A nation-wide roll-out of the programme is planned for 2026 to 2045, which will be the base case investigated in the ELEGANCY UK case study, in particular the first phase rollout to three cities and associated industrial clusters, complemented with technical and commercial feasibility studies from a petrochemicals industry perspective. In addition, ELEGANCY research will be included as supporting material for the UK H21 Roadmap, ahead of the scheduled key policy decision and commitment to build in 2021.

ELEGANCY national case studies, Dr Gunhild A. Reigstad, SINTEF

Each country participating in the ELEGANCY project has a unique set of opportunities and challenges that must be handled to ensure fast and efficient implementation of hydrogen – CCS systems. The national case studies of ELEGANCY are designed to address core issues and provide solutions with the aid of technological and business case solutions developed within the project. They raise questions including how to efficiently distribute hydrogen to consumers, what the optimal incremental infrastructure development scheme is, and how public and private partnerships can secure the realisation of the hydrogen business cases.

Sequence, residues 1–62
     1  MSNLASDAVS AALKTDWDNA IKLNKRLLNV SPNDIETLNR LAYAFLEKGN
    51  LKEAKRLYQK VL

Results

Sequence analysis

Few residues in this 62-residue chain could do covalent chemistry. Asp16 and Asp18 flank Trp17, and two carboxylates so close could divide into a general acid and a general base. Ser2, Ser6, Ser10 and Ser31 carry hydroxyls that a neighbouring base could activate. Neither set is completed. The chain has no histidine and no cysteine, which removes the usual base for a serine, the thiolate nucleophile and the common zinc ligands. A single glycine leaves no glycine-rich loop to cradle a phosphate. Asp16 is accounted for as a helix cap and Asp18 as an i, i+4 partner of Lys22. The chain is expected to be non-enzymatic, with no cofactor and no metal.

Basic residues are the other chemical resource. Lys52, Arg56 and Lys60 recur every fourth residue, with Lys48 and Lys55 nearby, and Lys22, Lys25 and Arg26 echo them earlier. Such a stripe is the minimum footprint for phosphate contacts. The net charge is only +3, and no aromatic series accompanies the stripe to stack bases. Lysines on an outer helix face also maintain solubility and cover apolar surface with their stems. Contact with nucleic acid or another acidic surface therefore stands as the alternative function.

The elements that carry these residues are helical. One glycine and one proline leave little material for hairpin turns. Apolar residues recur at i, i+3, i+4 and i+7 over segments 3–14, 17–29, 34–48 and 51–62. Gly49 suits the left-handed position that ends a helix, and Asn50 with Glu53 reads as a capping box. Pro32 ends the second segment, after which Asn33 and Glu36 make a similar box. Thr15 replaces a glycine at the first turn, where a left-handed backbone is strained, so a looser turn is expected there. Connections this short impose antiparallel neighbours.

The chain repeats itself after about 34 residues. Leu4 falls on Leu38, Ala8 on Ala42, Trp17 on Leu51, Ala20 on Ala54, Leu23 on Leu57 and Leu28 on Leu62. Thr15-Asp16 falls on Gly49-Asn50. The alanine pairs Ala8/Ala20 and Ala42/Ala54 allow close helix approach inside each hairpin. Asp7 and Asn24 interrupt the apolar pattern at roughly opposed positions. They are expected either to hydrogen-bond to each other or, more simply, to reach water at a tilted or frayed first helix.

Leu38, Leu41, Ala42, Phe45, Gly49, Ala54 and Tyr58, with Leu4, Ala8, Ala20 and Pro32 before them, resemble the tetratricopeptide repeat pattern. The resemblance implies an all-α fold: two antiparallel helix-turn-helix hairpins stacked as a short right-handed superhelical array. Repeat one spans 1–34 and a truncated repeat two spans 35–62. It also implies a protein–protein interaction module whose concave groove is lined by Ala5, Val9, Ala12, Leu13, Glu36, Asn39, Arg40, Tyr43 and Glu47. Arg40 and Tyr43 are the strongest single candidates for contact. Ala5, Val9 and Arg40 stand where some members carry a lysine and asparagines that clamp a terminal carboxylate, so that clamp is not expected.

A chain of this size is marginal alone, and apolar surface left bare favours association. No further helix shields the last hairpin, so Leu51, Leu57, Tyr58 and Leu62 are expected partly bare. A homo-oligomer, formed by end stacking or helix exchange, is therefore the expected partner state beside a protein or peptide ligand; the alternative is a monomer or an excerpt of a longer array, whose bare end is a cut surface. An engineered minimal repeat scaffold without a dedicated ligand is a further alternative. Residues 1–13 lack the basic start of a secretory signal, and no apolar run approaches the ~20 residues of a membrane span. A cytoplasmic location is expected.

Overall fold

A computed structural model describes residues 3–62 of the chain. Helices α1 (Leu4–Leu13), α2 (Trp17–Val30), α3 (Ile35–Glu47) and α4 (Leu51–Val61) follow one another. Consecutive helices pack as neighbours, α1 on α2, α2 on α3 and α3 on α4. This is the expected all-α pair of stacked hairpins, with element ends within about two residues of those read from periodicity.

National implementation strategies are developed based on central research results from the project, aiming at acceleration of implementation of hydrogen - CCS systems in the participating countries of ELEGANCY. Main features of each case study will be presented at the conference, together with an overview of how the studies in total cover a wide range of issues related to hydrogen-CCS systems and business cases.


The conference will take place in Brussels on 8 November 2018; see the website for more information on research being presented.

Find out more about the ELEGANCY project on their website.

Reporter

Sara West

Sara West
Department of Chemical Engineering

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Contact details

Tel: +44 (0)20 7594 6607
Email: sara.west@imperial.ac.uk